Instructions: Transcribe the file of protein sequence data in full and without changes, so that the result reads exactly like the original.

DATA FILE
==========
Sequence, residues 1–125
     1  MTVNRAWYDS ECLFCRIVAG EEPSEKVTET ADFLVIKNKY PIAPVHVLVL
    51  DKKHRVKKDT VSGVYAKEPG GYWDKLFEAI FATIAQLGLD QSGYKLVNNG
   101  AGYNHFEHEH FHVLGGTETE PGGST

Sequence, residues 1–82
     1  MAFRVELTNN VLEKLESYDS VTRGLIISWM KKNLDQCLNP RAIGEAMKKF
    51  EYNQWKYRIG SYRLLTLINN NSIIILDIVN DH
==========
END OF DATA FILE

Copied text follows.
Sequence, residues 1–125
     1  MTVNRAWYDS ECLFCRIVAG EEPSEKVTET ADFLVIKNKY PIAPVHVLVL
    51  DKKHRVKKDT VSGVYAKEPG GYWDKLFEAI FATIAQLGLD QSGYKLVNNG
   101  AGYNHFEHEH FHVLGGTETE PGGST

Sequence, residues 1–82
     1  MAFRVELTNN VLEKLESYDS VTRGLIISWM KKNLDQCLNP RAIGEAMKKF
    51  EYNQWKYRIG SYRLLTLINN NSIIILDIVN DH